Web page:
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Lab Anim. 2012 Jul;46(3):237-44. doi: 10.1258/la.2012.011154. Epub 2012 Jun 21.

Estimation of an early meaningful time point of bone parameter changes in application to an osteoporotic rat model with in vivo microcomputed tomography measurements.

Author information

1
Institute of Zoology, Molecular Cell Physiology and Endocrinology, Technische Universit├Ąt Dresden, 01062 Dresden, Germany. Annekathrin.Keiler@tu-dresden.de

Abstract

The commonly used preclinical animal model of postmenopausal osteoporosis is the mature ovariectomized rat, whereby cessation of ovarian oestrogen production consequently results in bone volume reduction. The study aim was to precisely define the time course of structural changes resulting from ovariectomy and thereby reduce the time animals have to be treated to judge the effects of osteoporosis treatment. For this purpose, we assessed architectural changes by microcomputed tomography (╬╝CT) during 10 weeks following ovariectomy or sham surgery at two-week intervals. Moreover, the trabecular microarchitecture of the lumbar vertebrae was assessed after necropsy. Besides this, serum biomarkers of bone turnover were determined. These data were in a new approach additionally correlated to femur mRNA expression profiles. We selected the osteoblast marker genes osteocalcin and type I collagen as well as the two osteoclast marker genes cathepsin k and tartrate-resistant acid phosphatase 5. The gene expression analysis suggested an activation of osteoblasts as well as octeoclasts. The significantly induced serum levels of osteocalcin and collagen degradation fragments also revealed this higher rate of bone turnover. Our results indicate that as soon as four weeks after ovariectomy the bone volume fraction exhibited a decline of 30% and 50% of the connectivity density. In addition, significant decreases of trabecular number and thickness as well as of the bone volume fraction were only observed in vertebrae of ovariectomized animals. Interestingly, changes of trabecular morphology were also found in the sham animals as a consequence of senescence.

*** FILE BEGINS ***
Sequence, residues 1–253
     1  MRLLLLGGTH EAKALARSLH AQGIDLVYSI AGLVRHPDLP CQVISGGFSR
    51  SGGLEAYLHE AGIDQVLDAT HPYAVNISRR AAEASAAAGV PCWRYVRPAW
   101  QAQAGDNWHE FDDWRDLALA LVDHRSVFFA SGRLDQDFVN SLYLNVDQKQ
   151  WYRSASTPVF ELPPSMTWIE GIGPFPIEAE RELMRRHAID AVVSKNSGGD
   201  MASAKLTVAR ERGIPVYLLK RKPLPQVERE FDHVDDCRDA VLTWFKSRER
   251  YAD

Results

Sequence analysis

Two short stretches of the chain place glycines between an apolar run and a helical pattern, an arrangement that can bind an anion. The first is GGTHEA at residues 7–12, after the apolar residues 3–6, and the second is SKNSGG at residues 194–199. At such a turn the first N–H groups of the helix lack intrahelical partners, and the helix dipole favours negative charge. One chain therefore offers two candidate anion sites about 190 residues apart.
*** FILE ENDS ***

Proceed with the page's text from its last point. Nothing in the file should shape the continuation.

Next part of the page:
PMID:
22723650
DOI:
10.1258/la.2012.011154
[Indexed for MEDLINE]

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